I will say that I appreciated that the details of Dick and Caroline’s respective backstories are quite specific to this period of time, meaning that this is an instance where a historical mystery’s plot arises out of the period rather than simply transposing a whodunnit onto a historical setting. Given that Carr is one of the earliest authors to play with the idea of writing a historical mystery, I think it is to his credit that he seems to be interested in the storytelling possibilities offered by setting his story in a different time rather than treating it as a novelty.

For all my complaints though, I do have to acknowledge that Carr does at least conclude his story quite tidily. The explanations given do pull all of the various threads of the story together and I was convinced that the trick, although quite a simple one, could have been managed. The problem was that by that point I was all too eager to be done with the book to care…

The Verdict: Attempts to blend romance and mystery but does neither well.

6 thoughts on “The Bride of Newgate by John Dickson Carr

  1. Read out of context, as I did, The Bride of Newgate is a weird confusion of a book, as you say — the mystery elements feel cramped by the history, the historical details are overwhelming, and the plot after the opening chapters is mainly Darwent getting in a variety of fights.

    Read in context, you see Carr’s growing fascination with the Historical elements of the plots in the novels that approach this, and it actually comes across as a bit of a pressure valve finally being let off — as if he has all these historical nuggets he wants to cram into a book just to get them off his mind, and so he sketches out a beginning (which is why the opening chapters are so brilliant) and then, with a huge sigh of relief, crams in that extended skirmish at the opera and all the other weirdly disconnected happenings that have been building in his mind.

    It’s still not a good book, but as I’ve read more Carr I’ve come to appreciate what this represents. And his Historicals do improve rapidly after this — the likes of Fire, Burn being among his best and most accessible pieces of writing. He’d revisit that fascination with a borderline-plotless historical milieu far more successfully in The Devil in Velvet in a couple of years, too, which I maintain should be the first Historical Carr anyone reads because of how it does this sort of thing in a far, far more considered manner.

    Liked by 1 person

    1. Which is one of the titles I passed over in favor of this one!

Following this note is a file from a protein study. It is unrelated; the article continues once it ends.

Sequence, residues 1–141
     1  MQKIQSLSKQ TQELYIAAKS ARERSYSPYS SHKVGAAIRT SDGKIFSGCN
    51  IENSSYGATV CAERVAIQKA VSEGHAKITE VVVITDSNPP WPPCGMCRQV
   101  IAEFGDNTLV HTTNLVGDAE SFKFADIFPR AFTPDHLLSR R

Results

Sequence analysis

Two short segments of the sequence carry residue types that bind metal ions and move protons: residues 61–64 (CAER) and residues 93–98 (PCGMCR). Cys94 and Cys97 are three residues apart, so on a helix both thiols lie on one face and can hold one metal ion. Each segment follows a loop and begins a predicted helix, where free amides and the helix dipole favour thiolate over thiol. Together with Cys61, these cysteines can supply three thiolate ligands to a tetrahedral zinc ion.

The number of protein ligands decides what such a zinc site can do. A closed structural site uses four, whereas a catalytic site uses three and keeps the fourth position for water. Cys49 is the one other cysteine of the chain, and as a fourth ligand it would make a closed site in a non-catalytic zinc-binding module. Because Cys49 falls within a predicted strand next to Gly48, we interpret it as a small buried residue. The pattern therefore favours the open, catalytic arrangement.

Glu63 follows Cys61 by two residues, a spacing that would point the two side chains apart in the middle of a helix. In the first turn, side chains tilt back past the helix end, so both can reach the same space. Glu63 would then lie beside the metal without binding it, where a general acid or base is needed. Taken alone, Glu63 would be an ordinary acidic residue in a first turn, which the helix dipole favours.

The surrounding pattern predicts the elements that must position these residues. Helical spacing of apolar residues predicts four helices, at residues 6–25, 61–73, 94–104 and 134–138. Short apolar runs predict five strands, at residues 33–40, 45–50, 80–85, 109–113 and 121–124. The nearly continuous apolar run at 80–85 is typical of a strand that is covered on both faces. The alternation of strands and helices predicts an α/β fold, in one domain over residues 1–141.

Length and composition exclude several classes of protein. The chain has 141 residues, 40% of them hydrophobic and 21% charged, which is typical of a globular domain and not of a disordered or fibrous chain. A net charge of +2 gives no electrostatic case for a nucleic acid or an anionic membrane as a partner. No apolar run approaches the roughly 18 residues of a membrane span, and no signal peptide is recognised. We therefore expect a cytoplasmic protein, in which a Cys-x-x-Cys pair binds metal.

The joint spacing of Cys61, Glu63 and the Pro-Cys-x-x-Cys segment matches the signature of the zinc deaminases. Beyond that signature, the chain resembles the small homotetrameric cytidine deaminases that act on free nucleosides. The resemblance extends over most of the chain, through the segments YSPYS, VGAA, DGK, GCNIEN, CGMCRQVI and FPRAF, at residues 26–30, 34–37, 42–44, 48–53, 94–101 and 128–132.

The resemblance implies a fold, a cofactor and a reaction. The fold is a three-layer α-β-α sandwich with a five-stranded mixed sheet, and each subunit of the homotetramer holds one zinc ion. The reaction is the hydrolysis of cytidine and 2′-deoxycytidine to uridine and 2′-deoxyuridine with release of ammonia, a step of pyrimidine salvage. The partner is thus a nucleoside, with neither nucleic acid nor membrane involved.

I can definitely see what you mean about that idea of a.valve being let off. You are right that it does feel like he is working something out of his system here.


  2. As far as Carr’s first period historicals go, The Bride of Newgate is towards the bottom of the stack. With that said, the margin of error for these books is rather tight – if you like one, you’ll probably like them all, and vice versa. I suspect from your comments on what didn’t work for you that these books might not be your thing. As JJ says, try Fire Burn. If you don’t like that one, then you can probably avoid the rest. Which would be a pity, as these books are fun in a way I didn’t anticipate I’d enjoy.

    Liked by 1 person

      1. I’d agree with Ben here. The early historicals by Carr seem more to be about swashbuckling and daring heroes wowing damsels who seem to have a bit of an emotional problem as they are drawn to absolute asshats. For me “The Bride of Newgate” is still the best of these three, mainly because it was the first. “The Devil in Velvet” was interesting in places, but feels much too long (which is a big reason why I haven’t re-read it), while I was thoroughly bored with “Captain Cut-Throat” (I can’t remember it too well at this particular moment, but I seem to remember the protagonist in this one being even more arrogant than the other two).

        The historical mysteries that follow are his best, I feel, because a) they focus more on mystery and 2) they are set in a part of history where people didn’t behave like absolutely idiots all the time. (Carr may have idolised this type of behaviour, but it’s off-putting in the extreme to me.) “The Demoniacs”, although also from this middle period of historical mysteries, is unfortunately set in the 1600s so we’re back to prats pratting around in that one.

        The final four historicals are worse, but mainly because Carr’s writing acumen was at a low ebb during these final years of his career.

        But take my opinion with a whole handful of salt, because I’m not overly fond of historical mysteries, as you’ve probably gathered. 🙂

        Liked by 1 person

      2. No, that’s helpful. I rather enjoyed aspects of Deadly Hall which was one of his last (and was recent enough that I suspect some will quibble with labeling it historical at all). I will definitely keep that in mind when picking my next Carr.